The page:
Israel and the Social Sciences, or why race matters

By Noa Shaindlinger
Submitted to Session P4993 (Melancholia, Race, and Enslavement, 2017 Annual Meeting
Israel; Palestine;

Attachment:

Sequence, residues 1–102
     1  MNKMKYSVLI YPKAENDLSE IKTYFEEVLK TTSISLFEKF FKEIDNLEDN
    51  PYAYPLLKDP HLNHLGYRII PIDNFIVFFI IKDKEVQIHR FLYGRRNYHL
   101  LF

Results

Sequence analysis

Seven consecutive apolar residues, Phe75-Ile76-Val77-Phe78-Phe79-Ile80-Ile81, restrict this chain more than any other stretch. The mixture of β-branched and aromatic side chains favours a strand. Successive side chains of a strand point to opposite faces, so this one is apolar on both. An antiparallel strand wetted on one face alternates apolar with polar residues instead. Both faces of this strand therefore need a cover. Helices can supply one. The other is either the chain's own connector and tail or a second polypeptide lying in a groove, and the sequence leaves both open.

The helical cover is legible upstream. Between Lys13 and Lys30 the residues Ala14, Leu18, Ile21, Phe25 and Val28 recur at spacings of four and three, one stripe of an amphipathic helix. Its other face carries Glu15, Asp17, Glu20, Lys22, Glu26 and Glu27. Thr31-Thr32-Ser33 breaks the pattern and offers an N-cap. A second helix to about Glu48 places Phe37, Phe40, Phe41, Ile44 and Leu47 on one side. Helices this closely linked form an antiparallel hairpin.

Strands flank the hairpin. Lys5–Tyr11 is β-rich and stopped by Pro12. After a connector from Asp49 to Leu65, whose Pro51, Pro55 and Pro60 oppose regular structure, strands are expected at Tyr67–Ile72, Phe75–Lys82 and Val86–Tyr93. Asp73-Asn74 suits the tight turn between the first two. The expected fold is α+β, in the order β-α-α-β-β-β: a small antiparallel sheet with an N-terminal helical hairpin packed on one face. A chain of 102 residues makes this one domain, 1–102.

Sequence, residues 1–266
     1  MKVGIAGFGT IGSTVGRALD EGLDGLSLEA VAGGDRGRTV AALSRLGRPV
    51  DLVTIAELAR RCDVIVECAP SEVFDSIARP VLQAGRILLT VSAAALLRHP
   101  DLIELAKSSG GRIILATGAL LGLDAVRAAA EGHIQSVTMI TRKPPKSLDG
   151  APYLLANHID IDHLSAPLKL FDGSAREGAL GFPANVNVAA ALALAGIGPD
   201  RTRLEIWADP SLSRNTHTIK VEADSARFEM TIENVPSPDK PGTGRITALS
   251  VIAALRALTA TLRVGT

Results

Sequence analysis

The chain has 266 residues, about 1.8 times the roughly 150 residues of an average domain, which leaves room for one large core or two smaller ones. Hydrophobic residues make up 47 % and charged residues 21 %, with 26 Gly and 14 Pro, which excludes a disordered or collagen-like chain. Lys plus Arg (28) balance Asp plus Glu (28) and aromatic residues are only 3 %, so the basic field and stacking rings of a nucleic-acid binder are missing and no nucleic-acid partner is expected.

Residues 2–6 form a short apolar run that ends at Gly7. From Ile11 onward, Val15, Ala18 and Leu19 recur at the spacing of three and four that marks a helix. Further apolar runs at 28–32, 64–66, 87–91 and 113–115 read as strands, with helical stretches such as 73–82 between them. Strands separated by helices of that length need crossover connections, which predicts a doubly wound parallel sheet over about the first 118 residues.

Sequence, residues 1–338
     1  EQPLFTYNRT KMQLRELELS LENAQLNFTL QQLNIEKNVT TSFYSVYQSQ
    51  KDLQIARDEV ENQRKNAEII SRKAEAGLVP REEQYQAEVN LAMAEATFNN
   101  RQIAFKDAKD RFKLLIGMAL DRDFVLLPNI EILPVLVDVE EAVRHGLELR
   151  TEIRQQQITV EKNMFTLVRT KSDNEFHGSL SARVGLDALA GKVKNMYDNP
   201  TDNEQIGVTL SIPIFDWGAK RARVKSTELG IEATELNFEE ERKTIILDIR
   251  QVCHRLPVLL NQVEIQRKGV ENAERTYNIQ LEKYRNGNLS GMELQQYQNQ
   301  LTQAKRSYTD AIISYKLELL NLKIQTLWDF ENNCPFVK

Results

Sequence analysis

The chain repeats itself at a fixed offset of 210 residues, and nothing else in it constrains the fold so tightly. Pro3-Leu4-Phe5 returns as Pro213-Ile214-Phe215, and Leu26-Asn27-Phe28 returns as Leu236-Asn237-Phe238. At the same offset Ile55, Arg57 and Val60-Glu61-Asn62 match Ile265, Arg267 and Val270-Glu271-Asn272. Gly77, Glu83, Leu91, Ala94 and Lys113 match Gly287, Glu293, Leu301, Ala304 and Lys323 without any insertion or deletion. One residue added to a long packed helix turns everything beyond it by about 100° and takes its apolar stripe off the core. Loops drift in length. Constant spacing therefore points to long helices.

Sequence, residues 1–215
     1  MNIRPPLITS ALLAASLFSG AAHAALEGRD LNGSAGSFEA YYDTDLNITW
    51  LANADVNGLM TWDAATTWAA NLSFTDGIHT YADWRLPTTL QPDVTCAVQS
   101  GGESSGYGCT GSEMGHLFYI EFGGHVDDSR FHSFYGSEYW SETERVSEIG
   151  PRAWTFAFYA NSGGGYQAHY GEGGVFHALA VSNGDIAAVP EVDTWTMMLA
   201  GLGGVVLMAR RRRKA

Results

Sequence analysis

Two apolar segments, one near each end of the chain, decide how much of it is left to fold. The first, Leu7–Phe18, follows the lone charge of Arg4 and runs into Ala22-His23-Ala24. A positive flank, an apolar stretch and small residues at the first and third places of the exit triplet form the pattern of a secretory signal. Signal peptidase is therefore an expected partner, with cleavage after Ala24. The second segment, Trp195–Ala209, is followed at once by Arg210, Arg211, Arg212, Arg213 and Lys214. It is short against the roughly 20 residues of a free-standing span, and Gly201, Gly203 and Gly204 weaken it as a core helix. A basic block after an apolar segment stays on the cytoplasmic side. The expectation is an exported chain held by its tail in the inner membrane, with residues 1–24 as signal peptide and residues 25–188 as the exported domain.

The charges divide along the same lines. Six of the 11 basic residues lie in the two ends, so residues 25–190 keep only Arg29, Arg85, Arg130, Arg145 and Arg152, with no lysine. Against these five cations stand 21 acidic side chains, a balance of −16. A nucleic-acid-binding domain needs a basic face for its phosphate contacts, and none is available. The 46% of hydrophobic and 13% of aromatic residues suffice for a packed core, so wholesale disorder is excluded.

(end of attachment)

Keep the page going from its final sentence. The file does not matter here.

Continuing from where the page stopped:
By early 1949, the new Israeli state was facing a conundrum: while it was largely successful in its drive to create an overwhelming Jewish majority in the territories under its control, the state also faced a fierce backlash from the international community demanding to repatriate the hundreds of thousands Palestinian refugees. This impetus is evident in UNGA resolution 194 (11 December, 1948) and in the fact Israel was initially refused UN membership unless its leaders show sincere efforts resolving the refugee crisis. Ben Gurion and his cabinet were determined to keep the displaced Palestinians outside of the country, but at the same time desired to be recognized as a nation-state among others. Therefore, they enlisted scholars in the social sciences, in particular anthropology and sociology, to draft an elaborate study of Palestinian Arabs that demonstrated their cultural and racial alterity which rendered them incompatible to the Jewish state. This classified document then goes on to forge a comprehensive program of resettlement in neighbouring Arab countries, based on ethnographic and meticulously collected economic data. Thus, for instance, the document specifies the price of a chicken in Southern Iraq, calculating the amount required to settle a family of Palestinian peasants in that area. My discussion of this elaborate, now de-classified report will reveal the significance of race to the understanding of citizenship in the Israeli and its specific forms of spatial organization which aims to maximize the number of Jews and minimize Arab presence. The report in question has since been cited by generations of Israeli diplomats and politicians, and its logic remains hegemonic today in discussions of future agreements with the Palestinians. The success of Ben Gurion and his social scientists is evident in the ways the Israeli state enshrined itself as the “only democracy in the Middle East” in popular political imagination of the west on the one hand, while successfully eliding itself from the brutal annals of colonialism, on the other.